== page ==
The McGyver shirt dress: Simplicity Lisette Traveler

Traveler Front

One of my favourite Instagram accounts is that of the American designer behind ‘Poppy von Frohlich‘, who makes beautiful woolen womenswear, ranging from flannel shirts to winter coats. Her pictures really inspired me to finally try my hand at plaid matching, and what better project to start on than a plaid shirt dress?

I’ve been looking out for the perfect shirt dress pattern for some time now – a  design that could be made up into a cosy flannel dress for cooler weather or with more luxurious fabric for a smarter version (like this lovely velvet YSL dress).

Judging from the line drawings on the Simplicity (2246) Lisette Traveler pattern, it looked like it would fit the bill perfectly. It also helps that the pattern has gotten great reviews across a wide range of sewing blogs so there’s a wonderful selection of sewn-up versions to preview online.

Traveler Back Lady Stitcher

Sorry for the wrinkled back view! The only sunny window for taking photos was a few hours after I had put the dress on!

I sourced the brushed cotton from a UK seller on eBay and used it to make the Traveler dress in Version A. This version is supposed to have two lower pockets as well, but I left them off and cut the upper pockets and the plackets on the bias to shake up the plaid pattern. Matching that plaid takes a lot of effort! Hats off to all those people who’ve made several plaid Archers! Despite all my efforts, I didn’t quite match it across the side seams, but I’m happy with how well the front panels, plackets and pockets worked out. I made matching buttons out of one of those ‘self-cover’ button sets.

I have quite narrow shoulders and I think this falls just a little too wide for my shape. It would certainly fit better if I buttoned it right up to the top, but I’m not really comfortable wearing this style like that so I’ll just get on with it being the way it is! I’ll definitely measure the shoulders on the pattern pieces before trying version C, which is the next one I’d like to make from this pattern.

So, the McGyver connection. Well, when I was a child, that show was basically our ‘family viewing’ time. I hadn’t seen it since I was really young and didn’t really remember much about, so when I came across the first episode of it by accident recently, I had to check it out! It turns out that while I didn’t retain any of the storylines or general information about the McGyver character, his wardrobe has had an unconscious influence on me after all these years:

His Shirt

Nice plaid matching, McG.

 

Meet Murphy: the New Look 6000 dress that didn’t want to be made

Murphy

I’ve named this dress Murphy, as in ‘Murphy’s Law’, because everything that could have gone wrong while I was working on it did. I actually think the only part that was smooth-ish sailing was the side pleating, which was the one part I was expecting to be a headache.

I should point out that because this was such as stop-start project for me, I can’t honestly say whether the issues I had were my own fault or because of the pattern, though I’m inclined to think it a combination of the two! It was my first time working with plaid to I really took my time cutting it out. I bought the fabric a while ago specifically to test run patterns –  it came, very cheaply, from a remnant bargain bin (the shop owner actually had no idea how long it had been in there) and I really like its 60s vibe. I was holding out for a while for the ‘right’ fabric for this pattern but in the end thought I might as well use this stuff to test it.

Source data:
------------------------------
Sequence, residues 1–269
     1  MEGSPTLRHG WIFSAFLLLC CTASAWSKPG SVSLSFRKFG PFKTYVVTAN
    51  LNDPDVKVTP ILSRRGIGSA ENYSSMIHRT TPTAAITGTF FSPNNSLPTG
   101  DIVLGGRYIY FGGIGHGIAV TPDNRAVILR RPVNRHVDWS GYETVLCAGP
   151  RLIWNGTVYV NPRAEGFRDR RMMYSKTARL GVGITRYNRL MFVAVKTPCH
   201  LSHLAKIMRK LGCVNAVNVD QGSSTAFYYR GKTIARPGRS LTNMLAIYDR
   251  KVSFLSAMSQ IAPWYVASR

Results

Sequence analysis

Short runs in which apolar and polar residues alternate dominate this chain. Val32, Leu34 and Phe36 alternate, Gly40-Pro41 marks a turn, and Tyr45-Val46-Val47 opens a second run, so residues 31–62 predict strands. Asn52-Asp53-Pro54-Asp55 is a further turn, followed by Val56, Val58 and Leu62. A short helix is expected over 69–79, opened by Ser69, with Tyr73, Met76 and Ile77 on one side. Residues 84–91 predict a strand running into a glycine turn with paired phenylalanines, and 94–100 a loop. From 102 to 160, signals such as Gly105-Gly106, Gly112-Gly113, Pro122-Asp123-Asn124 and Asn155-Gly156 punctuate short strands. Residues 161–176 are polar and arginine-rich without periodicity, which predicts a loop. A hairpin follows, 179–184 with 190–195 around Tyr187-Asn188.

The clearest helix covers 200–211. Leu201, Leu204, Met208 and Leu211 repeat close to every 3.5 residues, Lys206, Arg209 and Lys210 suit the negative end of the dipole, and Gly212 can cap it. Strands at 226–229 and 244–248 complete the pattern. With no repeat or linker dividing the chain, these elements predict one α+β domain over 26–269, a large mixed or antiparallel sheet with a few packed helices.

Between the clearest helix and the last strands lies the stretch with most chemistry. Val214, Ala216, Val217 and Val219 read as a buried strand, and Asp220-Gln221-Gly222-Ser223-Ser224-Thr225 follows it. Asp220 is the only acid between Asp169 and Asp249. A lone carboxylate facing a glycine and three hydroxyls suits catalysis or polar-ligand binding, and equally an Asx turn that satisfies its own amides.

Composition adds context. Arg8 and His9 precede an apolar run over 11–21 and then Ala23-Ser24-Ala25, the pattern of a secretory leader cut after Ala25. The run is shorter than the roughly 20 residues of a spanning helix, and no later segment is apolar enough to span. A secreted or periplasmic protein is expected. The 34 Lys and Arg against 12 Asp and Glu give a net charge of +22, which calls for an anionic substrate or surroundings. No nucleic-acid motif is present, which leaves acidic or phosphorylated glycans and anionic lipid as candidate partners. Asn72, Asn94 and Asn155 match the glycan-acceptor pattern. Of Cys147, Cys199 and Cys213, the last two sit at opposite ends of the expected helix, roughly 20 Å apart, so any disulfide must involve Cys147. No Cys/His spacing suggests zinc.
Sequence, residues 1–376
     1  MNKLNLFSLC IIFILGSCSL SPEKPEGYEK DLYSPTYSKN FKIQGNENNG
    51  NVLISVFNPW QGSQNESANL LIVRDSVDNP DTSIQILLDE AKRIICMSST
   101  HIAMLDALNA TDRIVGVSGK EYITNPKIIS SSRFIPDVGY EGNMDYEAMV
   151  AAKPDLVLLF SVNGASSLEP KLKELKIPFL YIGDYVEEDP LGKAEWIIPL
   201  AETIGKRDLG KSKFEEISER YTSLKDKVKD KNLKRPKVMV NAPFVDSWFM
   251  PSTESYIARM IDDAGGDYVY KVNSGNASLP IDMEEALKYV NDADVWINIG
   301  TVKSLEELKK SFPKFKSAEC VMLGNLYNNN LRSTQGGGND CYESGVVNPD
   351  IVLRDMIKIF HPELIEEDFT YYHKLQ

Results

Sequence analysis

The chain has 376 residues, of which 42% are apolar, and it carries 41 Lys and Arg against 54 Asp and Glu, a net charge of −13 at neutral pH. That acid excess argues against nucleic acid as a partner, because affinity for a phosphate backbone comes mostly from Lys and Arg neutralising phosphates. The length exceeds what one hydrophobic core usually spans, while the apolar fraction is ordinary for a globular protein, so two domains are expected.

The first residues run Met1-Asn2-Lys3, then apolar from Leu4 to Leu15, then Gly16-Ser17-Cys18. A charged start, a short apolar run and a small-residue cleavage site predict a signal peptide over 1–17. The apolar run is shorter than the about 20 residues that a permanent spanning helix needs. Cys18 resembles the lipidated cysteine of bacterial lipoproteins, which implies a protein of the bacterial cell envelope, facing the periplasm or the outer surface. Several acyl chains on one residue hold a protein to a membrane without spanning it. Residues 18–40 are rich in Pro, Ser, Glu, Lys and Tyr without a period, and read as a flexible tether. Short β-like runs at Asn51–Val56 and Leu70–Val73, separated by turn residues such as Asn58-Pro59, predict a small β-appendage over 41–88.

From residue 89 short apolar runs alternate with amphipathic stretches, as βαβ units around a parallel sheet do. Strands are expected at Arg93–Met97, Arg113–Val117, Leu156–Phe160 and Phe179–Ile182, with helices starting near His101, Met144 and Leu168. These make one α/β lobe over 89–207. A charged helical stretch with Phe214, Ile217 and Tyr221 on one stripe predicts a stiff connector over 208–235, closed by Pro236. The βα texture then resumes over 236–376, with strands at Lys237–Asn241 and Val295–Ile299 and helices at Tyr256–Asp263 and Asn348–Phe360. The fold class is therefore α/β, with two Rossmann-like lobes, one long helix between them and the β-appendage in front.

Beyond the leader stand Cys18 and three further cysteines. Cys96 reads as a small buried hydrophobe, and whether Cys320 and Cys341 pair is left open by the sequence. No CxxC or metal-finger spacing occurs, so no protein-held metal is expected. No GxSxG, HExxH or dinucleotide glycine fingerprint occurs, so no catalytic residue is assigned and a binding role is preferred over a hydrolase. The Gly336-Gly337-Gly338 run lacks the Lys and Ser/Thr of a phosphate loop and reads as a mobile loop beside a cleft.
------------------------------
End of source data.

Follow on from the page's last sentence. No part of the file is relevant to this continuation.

Young Murphy

Originally I had wanted to make the New Look 6000 version you see in the photo on the front of the pattern – complete with collar and cuffed sleeves. After difficulties working with the extremely fraying fabric, inserting the zip (never usually an issue with me, not sure what was going wrong!) and matching the two back panels up while stitching the stretching fabric, I jettisoned the collar and the sleeves. I honestly couldn’t understand how to put the collar on at all and eventually chucked it. Then I dropped the sleeves because, by that point, I just wanted the damn thing finished!

Now that it’s done, I actually quite like it, though there’s a fair bit of neck gape at the back. I’m not sure how to fix that at this stage without totally mucking up the matching pattern across the back so I’m happy to leave it be – I can’t see myself wearing it without a cardigan in winter anyway.

As learning curves go, this was a steep one. I found it a really tough project to finish (most likely down to the combination of this fabric and my skill level), but I actually love the pattern designs so much that I can see myself having another go. I am pretty happy with how the back panels matched up across the zip in the end:

Matching Murphy

Skills learned: Pleating, working with patterned fabric, working with stretchy fabric.

Recommend pattern?: I found the instructions pretty vague for my first time around at some of the techniques, but think I will give it another go as the designs are really lovely (as so many other sewers attest!).